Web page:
World of Tanks. Explaining Mechanics - Penetration, Part 1

Uploaded by WorldOfTanksCom on 05.11.2012

Greetings to you all, players!
This episode of “Explaining mechanics” will tell you about one of the most important aspects of the game: armor penetration.
Understanding armor penetration algorithms is essential for every player. In point of fact, it can help you inflict more damage to enemy vehicles and protect your
own vehicle against hostile fire more effectively.
That is why this episode will teach you to protect your tank, and the next one will tell about destroying enemy tanks.
Remember that “World of Tanks” is a game, not a training simulator.
We do our best to keep it aligned with real tank combat principles, but some artificiality is inevitable in order to make the battles more dynamic.
The actual processes calculating the effects of a shell hitting armor are too complex to be calculated “on-the-fly”, and the range of consequences is so broad that, in
comparison, Brownian motion looks simple.
For example, if a shell tries to penetrate armor head-on, it would seem to have its maximum penetration potential.
But in real battles, a shell can break apart due to severe internal stress, resulting in zero penetration potential.
Game physics allow for a 25 per cent fluctuation compared to the value in the description.
For example, if the penetration value of your MS-1’s main gun is 51 millimeter then its real value will range from 38 mm to 64 mm.
The Damage value range is calculated the same way.
Before we start discussing penetration mechanics and geometry theory, let’s explain some terms we are going to use.
Take a point on the armor and draw a tangent through it.
A straight line perpendicular to the tangent drawn through this point is the “normal axis”, or the perpendicular.
Now don’t you wish you had paid attention in geometry class in school?
Let’s move further and explain what “impact angle” is.
It is the angle between the normal axis and the shell path from the point of impact;
For example, if this angle is 0 degrees, the penetration probability is at its highest, and if it is 80 degrees, then the shell is more likely to ricochet.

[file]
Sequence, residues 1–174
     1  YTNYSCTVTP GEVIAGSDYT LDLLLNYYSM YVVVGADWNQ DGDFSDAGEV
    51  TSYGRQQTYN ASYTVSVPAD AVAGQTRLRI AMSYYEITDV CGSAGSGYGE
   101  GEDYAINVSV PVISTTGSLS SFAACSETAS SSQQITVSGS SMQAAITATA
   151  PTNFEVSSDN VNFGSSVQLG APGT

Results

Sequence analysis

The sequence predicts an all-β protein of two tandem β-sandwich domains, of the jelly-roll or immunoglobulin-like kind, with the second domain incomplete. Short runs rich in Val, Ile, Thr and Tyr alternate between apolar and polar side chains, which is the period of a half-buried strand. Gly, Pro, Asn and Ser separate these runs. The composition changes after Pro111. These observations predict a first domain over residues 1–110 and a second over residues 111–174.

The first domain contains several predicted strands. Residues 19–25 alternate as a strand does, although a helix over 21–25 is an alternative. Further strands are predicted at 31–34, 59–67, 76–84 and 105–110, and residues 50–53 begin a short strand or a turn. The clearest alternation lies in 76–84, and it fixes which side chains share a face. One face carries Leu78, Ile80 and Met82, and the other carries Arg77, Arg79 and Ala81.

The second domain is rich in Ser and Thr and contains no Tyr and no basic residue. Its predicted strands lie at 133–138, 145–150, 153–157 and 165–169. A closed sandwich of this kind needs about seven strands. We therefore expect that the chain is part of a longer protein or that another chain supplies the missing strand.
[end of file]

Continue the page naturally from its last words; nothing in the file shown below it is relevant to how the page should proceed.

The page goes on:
It should also be noted that many players consider the impact angle to be the angle between the tangent and the shell path. For example, they’ll say that ricochet
chances are high if the impact angle is less than 30 degrees. However, we’ll stick to the terms used by our developers and the military, and compare the angle to the normal axis.
Another term is “Effective armor thickness”.
If the impact angle is large, the thickness of the armor is actually larger than the nominal armor thickness in the description.
This “effective armor thickness” you actually have to pierce can be calculated as the ratio of armor thickness to impact angle cosine. So now you’re also regretting
sleeping through algebra, right?
Of course, we don’t expect you to arm yourself with a protractor and calculator evaluating effective armor thickness. Just remember this simple and intuitive rule: the
greater the impact angle is, the thicker the actual armor you will have to penetrate.
To understand where and how you should aim to penetrate your opponent’s armor, you can use the penetration indicator on your reticle.
If the indicator is green and your shell hits the enemy armor on the normal axis, the enemy tank will likely be damaged.
If it is orange, the odds of penetrating the armor are fifty-fifty.
If it is red, don’t waste your shells – you’re not going to penetrate the armor.
But the color of the indicator isn’t what you should ultimately rely on.
The armor of a tank can be positioned at various unexpected angles, and your shell may deviate from the center of your reticle and hit the armor in a slightly different spot.
If you are trying to hit the glacis plate of a tank which is at an angle to you, like a diamond, you may fail to penetrate it.
Even if the nominal armor thickness of this tank is 50 mm, this angular position means that your shell has to deal with 60, 70, or 80 mm — or even more, but the